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HomeStorytime!Bible StudiesPoems for the HungryAbout the Author
The Teacher

Her name was Mrs. Thompson. As she stood in front of
her 5th grade class on the very first day of school,
she told the children a lie.
Like most teachers, she looked at her students and
said that she loved them all the same. But that was
impossible, because there in the front row, slumped in
his seat, was a little boy named Teddy Stoddard.
Mrs. Thompson had watched Teddy the year before and
noticed that he didn't play well with the other
children that his clothes were messy and that he
constantly needed a bath.  And Teddy could be unpleasant.
It got to the point where Mrs. Thompson would actually
take delight in marking his papers with a broad red
pen, making bold X's and then putting a big "F"
at the top of his papers.
At the school where Mrs. Thompson taught, she was
required to review each child's past records and she
put Teddy's off until last.  However, when she
reviewed his file, she was in for a surprise.
Teddy's first grade teacher wrote, "Teddy is a bright 
child with a ready laugh.  He does his work neatly and
has good manners...he is a joy to be around."
His second grade teacher wrote, "Teddy is an excellent
student, well liked by his classmates, but he is
troubled because his mother has a  terminal illness
and life at home must be a struggle."
His third grade teacher wrote, "His mother's death has
been hard on him.  He tries to do his best, but his
father doesn't show much interest and his home life
will soon affect him if some steps aren't taken."
Teddy's fourth grade teacher wrote, "Teddy is
withdrawn and doesn't show much interest in school.
He doesn't have many friends and he sometimes sleeps
in class."
By now, Mrs. Thompson realized the problem and she
was  ashamed of herself. She felt even worse when her
students brought  her Christmas presents, wrapped
in beautiful ribbons and bright paper, except for
Teddy's. His present was clumsily wrapped in the
heavy, brown paper that he got from a grocery bag.
Mrs. Thompson took pains to open it in the middle of
the other  presents. Some of the children started to
laugh when she found a rhinestone bracelet with some
of the stones missing, and a bottle that was one
quarter full of perfume.
But she stifled the children's laughter when she
exclaimed how pretty the bracelet was, putting it on,
and dabbing some of the perfume on her wrist.
Teddy Stoddard stayed after school that day just long
enough to say, "Mrs. Thompson, today you smelled just
like my Mom used to," After the children left she
cried for at least an hour. On that very day, she quit
teaching reading, and writing, and arithmetic.
Instead, she began to teach children. Mrs. Thompson
paid particular attention to Teddy. As she worked with
him, his mind seemed to come alive. The more she
encouraged him, the faster he responded. By the end of
the year, Teddy had become one of smartest children in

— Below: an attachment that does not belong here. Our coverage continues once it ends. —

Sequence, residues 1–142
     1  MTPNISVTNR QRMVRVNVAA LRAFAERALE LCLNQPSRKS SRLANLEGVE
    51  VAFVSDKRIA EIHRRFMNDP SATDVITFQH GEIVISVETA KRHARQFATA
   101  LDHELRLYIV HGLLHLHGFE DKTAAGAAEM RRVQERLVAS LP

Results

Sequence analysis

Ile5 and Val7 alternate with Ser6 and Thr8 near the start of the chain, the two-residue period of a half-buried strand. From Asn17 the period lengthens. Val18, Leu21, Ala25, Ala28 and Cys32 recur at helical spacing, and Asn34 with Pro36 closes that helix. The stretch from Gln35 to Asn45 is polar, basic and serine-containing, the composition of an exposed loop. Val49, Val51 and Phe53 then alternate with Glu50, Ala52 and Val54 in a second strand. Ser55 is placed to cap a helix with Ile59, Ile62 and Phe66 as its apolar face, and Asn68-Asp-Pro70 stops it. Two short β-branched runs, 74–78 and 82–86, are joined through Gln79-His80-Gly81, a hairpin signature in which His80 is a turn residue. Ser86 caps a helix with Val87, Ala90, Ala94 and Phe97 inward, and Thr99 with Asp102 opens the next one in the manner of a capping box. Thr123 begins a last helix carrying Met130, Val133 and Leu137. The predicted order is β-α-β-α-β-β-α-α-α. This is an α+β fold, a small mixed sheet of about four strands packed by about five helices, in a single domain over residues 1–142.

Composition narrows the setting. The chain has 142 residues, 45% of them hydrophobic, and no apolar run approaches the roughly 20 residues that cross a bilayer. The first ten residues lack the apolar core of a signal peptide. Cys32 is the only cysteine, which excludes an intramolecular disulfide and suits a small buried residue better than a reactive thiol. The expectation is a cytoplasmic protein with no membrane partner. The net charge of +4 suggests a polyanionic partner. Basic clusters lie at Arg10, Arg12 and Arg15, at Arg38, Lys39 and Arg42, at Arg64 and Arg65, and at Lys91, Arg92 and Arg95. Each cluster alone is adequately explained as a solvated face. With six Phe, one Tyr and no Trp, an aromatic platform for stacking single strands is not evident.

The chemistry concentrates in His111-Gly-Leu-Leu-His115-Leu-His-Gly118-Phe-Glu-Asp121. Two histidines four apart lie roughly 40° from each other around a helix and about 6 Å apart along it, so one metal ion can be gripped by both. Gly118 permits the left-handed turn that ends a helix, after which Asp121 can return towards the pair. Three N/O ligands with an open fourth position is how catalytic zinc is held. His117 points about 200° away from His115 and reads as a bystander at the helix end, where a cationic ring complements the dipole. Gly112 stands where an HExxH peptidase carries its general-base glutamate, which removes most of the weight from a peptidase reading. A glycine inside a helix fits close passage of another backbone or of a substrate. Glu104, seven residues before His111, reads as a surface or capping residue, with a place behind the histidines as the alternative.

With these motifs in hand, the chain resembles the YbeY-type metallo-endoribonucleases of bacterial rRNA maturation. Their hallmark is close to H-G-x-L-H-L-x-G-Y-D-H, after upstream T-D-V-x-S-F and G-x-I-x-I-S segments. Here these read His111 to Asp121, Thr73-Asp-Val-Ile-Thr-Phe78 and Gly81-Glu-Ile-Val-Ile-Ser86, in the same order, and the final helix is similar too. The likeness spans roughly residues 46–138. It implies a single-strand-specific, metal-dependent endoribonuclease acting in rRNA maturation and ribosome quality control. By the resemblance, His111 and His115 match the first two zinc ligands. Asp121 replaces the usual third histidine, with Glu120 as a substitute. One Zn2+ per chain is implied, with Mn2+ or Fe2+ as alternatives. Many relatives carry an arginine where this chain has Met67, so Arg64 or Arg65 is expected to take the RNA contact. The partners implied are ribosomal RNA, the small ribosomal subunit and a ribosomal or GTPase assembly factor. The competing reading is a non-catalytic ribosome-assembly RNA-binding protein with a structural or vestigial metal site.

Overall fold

the class and, despite her lie that she would love all
the children the same, Teddy became one of
her "teacher's pets."
A year later, she found a note under her door, from
Teddy, telling her that  she was still the best
teacher he ever had in his whole life.
Six years went by before she got another note from
Teddy. He  then wrote that he had finished high
school, third in his class, and she was still the best 
teacher he ever had in his whole life.
Four years after that, she got another letter, saying
that while things had been tough at times, he'd stayed
in school, had stuck with it,  and would soon graduate
from college with the highest of honors. He assured
Mrs. Thompson that she was still the best and favorite
teacher he ever had in his whole life.
Then four more years passed and yet another letter
came. This time he explained that after he got his
bachelor's degree,  he decided to go a little further.
The letter explained that she was still the best and
favorite teacher he ever had.
But now his name was a little longer-the letter was
signed, Theodore F. Stoddard, MD.
The story doesn't end there. You see, there was yet
another letter that spring. Teddy said he'd met this
girl and was going to be married.
He explained that his father had died a couple of
years ago and he was  wondering if Mrs. Thompson might
agree to sit in the place at the wedding that was
usually reserved for the mother of the groom.
Of course, Mrs. Thompson did.
And guess what? She wore that bracelet, the one with
several rhinestones missing. And she made sure she was
wearing the perfume that Teddy remembered his mother
wearing on their last Christmas together. They hugged
each other, and  Dr. Stoddard whispered in
Mrs. Thompson's ear, "Thank you Mrs. Thompson  for
believing in me.  Thank you so much for making me feel
important and showing me that I could make a difference."
Mrs. Thompson, with tears in her eyes, whispered back.
She said, "Teddy, you have it all wrong.
You were the one who taught me that I could
make a difference.  I didn't know how to teach until I met you."
Warm someone's heart today . . . pass this along.
Please remember that wherever you go, and whatever
you do, you will have the opportunity to touch and/or
change a person's outlook.
Please try to do it in a positive way.
"Friends are angels who lift us to our feet
when our wings have trouble remembering how to fly"

"Neither doctrinal purity nor diligent labor will ever be a substitute for passionate devotion to God."

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